Baseball delayed by bees
Baseball delayed by bees Lowell Hutchison, left, a retired bee keeper from St. Joseph, Mo., helps bag a swarm of bees that settled on a bag alongside the Kansas City Royals dugout during a spring training baseball game, Tuesday, March 8, 2016, in Surprise, Ariz. Royals manager Ned Yost watches at right. (John Sleezer/The Kansas City Star via AP/Charlie Riedel)
Baseball delayed by bees
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A swarm of bees briefly delayed the Kansas City Royals' 3-2 baseball spring training victory over the Colorado Rockies.
Edinson Volquez threw three hitless innings for the Royals, but the insects caused the biggest buzz when they sent Kansas City manager Ned Yost, members of his coaching staff and fans scurrying early in the March 8 exhibition matchup in Surprise, Arizona. Yost and his coaches like to sit on folding chairs outside the dugout and the bees caused them to duck for cover.
"They're not going to mess with you, just don't mess with them," Yost said, noting that no one was stung. "Kind of like the Royals, don't mess with us and we won't mess with you."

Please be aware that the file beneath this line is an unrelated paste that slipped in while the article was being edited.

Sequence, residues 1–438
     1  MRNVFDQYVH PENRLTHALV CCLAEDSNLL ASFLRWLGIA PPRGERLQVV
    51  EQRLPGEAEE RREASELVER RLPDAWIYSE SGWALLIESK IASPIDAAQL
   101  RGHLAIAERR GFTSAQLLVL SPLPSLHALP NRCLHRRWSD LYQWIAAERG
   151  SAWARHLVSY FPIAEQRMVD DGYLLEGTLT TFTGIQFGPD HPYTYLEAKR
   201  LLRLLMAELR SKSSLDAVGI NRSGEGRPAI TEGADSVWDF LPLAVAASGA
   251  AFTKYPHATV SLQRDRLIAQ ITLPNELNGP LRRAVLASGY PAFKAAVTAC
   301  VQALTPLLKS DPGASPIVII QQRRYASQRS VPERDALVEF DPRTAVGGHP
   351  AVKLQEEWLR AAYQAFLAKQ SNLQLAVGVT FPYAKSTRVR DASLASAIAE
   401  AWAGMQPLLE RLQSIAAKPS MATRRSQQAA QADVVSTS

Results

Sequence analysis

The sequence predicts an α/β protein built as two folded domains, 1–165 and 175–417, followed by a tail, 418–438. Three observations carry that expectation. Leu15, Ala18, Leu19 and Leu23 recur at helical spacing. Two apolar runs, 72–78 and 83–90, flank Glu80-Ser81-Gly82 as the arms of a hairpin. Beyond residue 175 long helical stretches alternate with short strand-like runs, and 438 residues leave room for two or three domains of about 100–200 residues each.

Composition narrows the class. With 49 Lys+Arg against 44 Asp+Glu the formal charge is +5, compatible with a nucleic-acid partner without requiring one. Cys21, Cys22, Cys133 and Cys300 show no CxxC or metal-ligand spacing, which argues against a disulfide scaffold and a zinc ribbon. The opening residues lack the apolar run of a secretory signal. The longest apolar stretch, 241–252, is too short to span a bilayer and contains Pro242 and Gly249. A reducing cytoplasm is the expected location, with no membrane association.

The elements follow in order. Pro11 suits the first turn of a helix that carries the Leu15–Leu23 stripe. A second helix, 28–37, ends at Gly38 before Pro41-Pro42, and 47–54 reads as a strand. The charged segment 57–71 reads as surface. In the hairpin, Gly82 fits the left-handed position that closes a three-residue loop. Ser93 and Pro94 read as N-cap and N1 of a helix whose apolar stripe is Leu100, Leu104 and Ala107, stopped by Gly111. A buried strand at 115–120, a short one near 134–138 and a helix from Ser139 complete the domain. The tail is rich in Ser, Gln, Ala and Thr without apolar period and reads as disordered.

The bees were removed in a plastic trash bag after the top of the third inning. Lowell Hutchinson, a retired beekeeper from St. Joseph, Missouri, came out of the stands to assist with gathering them. With the scarcity of honey bees, Yost implored the bees be saved, not exterminated.
"I said, 'We ain't killing those bees. We better figure something out,'" Yost said. "Luckily we had a beekeeper from St. Joe here. They had already devised that plan, just put them in a plastic bag, take them out and let them go. We ain't killing them; there aren't enough bees in the world, boys. We can't be exterminating them."
"They're so important to our environment, they pollenate everything. It doesn't make any sense to panic and kill bees when you don't have to. I am proud the way we handled it," he said.
Volquez saw Yost rush for the dugout while he was on the mound.
"I'm just glad to be alive," Volquez said and laughed.
Bubba Starling hit a two-run, inside-the-park homer in the Royals sixth off Jason Motte while Paulo Orlando also homered for Kansas City.
"The bees were crazy," Starling said. "They were all over the place. All the coaches came in until they got that taken care of. There was some actually down in the dugout (and) the majority of them were out in the on-deck circle."
Rockies starter Jordan Lyles delayed warming up in the third inning when the bees were removed to a loud applause.
"That third inning the umpires told me to hold off, that they were going to take the bees out," Lyles said. "It didn't affect us on the field, but I'm sure the fans weren't too happy."

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Why was a plastic bag an effective solution?
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  • Steve0620-yyca
    3/14/2016 - 08:49 p.m.